It became common in the U.S. colonies too. A smallpox outbreak in Boston led Reverend Cotton Mather and Dr. Zabdiel Boylston to collect data on how well variolation worked.
Eventually, the practice of variolation was replaced with vaccination — a more effective technique. In 1840, England banned the use of variolation, and the practice eventually died out around the world.
Smallpox Vaccine History
The smallpox vaccine was most likely invented a number of times in different places. The discovery that finally led to its widespread use in the medical community is attributed to Edward Jenner in England at the end of the 18th century.
Like many, Jenner had grown up hearing stories of how dairymaids were immune to smallpox — presumably because they had already survived a milder pox called cowpox.
So, in May of 1796, Jenner took matter from the fresh cowpox lesions of a girl named Sarah Nelms. He then used this to inoculate an eight-year-old boy named James Phipps. After, the boy had mild symptoms but quickly returned to normal.
In July, Jenner tried inoculating the boy with smallpox and didn’t see a single reaction. He concluded that the boy must be immune thanks to the cowpox.
In his self-published results, he named the technique vaccination (“vacca” means cow in Latin).
Many people were skeptical of vaccinations, but some doctors quickly understood the importance of the discovery. They began promoting the technique until it gained widespread acclaim.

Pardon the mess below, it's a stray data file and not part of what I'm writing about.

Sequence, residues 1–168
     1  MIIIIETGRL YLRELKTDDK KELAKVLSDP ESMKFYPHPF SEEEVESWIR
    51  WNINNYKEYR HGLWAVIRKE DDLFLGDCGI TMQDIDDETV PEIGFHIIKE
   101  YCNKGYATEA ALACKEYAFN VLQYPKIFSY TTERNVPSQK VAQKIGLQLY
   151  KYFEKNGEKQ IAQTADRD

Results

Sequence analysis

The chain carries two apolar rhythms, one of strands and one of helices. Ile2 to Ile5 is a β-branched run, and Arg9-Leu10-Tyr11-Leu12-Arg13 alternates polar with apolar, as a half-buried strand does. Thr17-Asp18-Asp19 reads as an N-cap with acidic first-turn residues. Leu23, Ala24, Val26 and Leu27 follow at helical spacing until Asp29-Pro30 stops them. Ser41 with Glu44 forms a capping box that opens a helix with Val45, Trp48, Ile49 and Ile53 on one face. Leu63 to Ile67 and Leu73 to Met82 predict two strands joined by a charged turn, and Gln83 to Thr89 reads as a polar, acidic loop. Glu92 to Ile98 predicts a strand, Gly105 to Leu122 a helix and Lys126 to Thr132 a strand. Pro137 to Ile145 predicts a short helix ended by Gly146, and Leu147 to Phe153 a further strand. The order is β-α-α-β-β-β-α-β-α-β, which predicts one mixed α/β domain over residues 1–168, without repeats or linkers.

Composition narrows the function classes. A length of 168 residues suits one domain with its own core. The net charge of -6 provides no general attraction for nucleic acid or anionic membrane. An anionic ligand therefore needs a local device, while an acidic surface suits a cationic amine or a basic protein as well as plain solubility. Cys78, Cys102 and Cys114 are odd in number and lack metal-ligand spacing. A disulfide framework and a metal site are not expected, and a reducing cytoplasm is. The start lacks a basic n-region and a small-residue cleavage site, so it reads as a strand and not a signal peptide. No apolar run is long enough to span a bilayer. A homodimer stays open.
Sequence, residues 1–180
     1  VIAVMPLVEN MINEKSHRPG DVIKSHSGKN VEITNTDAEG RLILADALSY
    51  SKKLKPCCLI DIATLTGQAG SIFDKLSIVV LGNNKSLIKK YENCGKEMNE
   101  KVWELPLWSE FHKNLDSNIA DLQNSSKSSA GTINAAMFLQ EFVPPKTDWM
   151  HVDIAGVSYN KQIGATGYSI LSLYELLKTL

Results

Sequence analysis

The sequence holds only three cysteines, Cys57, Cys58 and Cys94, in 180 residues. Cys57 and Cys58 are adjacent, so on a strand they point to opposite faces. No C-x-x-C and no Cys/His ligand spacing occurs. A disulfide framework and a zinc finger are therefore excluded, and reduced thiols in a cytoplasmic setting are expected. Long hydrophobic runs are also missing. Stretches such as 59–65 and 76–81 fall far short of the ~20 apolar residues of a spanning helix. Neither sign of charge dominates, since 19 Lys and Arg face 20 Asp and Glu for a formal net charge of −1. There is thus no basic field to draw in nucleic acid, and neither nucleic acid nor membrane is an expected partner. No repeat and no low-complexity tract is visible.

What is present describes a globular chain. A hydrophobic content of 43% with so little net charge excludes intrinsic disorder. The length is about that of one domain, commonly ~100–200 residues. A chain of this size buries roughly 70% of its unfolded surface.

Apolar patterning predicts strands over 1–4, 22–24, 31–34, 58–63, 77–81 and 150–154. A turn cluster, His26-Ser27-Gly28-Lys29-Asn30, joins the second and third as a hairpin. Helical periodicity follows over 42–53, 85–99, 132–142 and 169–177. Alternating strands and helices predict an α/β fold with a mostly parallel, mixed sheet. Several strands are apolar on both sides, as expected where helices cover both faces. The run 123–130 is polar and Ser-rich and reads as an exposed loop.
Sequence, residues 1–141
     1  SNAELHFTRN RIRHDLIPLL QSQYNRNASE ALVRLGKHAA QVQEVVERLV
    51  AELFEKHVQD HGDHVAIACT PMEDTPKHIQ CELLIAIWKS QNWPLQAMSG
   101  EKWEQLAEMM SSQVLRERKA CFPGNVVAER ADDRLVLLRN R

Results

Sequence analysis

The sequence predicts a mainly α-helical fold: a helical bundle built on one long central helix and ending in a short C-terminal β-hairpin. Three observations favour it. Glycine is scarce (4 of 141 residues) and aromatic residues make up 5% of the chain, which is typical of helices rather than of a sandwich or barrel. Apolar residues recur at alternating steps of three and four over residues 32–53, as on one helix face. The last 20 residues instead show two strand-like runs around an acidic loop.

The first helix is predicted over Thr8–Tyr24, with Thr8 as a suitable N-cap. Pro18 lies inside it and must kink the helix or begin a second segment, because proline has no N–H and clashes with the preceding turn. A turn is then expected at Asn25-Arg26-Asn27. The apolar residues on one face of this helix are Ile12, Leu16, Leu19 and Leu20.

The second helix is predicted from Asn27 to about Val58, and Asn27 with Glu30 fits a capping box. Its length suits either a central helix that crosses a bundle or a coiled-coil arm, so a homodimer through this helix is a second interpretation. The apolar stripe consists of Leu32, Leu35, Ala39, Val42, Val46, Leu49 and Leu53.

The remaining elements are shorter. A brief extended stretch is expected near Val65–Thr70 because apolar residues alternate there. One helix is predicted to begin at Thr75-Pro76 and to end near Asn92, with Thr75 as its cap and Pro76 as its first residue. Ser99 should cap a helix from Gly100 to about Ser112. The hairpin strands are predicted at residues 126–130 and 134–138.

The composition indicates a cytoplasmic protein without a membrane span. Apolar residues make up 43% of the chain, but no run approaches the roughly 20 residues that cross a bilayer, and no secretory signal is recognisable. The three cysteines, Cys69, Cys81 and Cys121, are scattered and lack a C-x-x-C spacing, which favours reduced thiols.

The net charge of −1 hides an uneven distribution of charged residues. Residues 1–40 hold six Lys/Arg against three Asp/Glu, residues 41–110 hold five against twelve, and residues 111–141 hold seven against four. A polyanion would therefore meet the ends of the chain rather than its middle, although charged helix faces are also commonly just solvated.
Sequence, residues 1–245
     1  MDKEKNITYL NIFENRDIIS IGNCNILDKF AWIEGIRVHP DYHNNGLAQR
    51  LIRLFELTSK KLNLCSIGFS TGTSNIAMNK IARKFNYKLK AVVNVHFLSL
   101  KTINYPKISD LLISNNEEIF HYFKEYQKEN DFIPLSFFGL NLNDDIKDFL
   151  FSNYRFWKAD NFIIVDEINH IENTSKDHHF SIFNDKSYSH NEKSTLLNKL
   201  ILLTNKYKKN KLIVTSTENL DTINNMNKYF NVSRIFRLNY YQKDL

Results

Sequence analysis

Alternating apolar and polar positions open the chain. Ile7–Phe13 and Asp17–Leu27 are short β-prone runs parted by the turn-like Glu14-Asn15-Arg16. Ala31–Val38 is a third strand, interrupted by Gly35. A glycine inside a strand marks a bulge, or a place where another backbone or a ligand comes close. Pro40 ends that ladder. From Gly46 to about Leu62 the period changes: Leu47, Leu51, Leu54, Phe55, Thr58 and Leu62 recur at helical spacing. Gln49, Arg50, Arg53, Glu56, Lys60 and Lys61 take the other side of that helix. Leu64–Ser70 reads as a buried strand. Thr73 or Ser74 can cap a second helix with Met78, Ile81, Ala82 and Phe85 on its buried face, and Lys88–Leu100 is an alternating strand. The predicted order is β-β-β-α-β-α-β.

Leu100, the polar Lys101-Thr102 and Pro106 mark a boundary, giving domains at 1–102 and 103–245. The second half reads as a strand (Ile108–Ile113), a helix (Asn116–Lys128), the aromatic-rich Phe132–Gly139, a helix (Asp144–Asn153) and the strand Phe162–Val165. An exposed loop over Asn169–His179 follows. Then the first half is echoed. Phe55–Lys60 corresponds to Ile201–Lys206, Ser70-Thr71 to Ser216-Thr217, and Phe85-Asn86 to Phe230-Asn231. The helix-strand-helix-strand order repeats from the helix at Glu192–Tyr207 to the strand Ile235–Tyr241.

With improvements — and the later realization that boosters were needed — this vaccine helped to completely eradicate the disease worldwide in 1977.
Who Was Edward Jenner?
Edward Jenner is sometimes referred to as the father of modern immunology — not necessarily because he was the first person to invent vaccines, but because he brought the technique to the broader attention of the scientific world. This was accomplished through his effusive promotion of vaccination, as well as a reliance on evidence-based medicine — a standard in the field today.
Jenner was born on May 17th, 1749 in England. His father was a reverend who died when Jenner was five. Orphaned, he lived with his older brother until moving to London when he was 21 years old.
There, he became Dr. John Hunter’s student at St. George’s Hospital. After two years in London, he returned home to start his own medical practice.
Jenner had a number of diverse interests in his life. He played the violin, wrote poetry, and built his own hydrogen balloon. He married in 1788 and had four children.
After his discovery of the smallpox vaccine, he devoted most of his life to advocating for vaccination. He supplied doses to as many people as he could and surveyed the entire nation to assess the truth of his claims.
He died from a stroke on Jan 26th, 1823. His contributions to science, though, continue to affect the world today.
Current Smallpox Vaccine Requirements
The United States stopped routine vaccination for smallpox in 1972. This is the year that the disease was fully eradicated from the U.S.
Although the disease was globally eradicated in 1977, a live version is available to people who need it.
The modern vaccine consists of a live dose of vaccinia — a virus that causes a pox with much milder symptoms than smallpox. Historically, it’s effective at preventing a smallpox infection 95% of the time. You’ll need a booster after three to five years if — for some reason — you need long-term protection.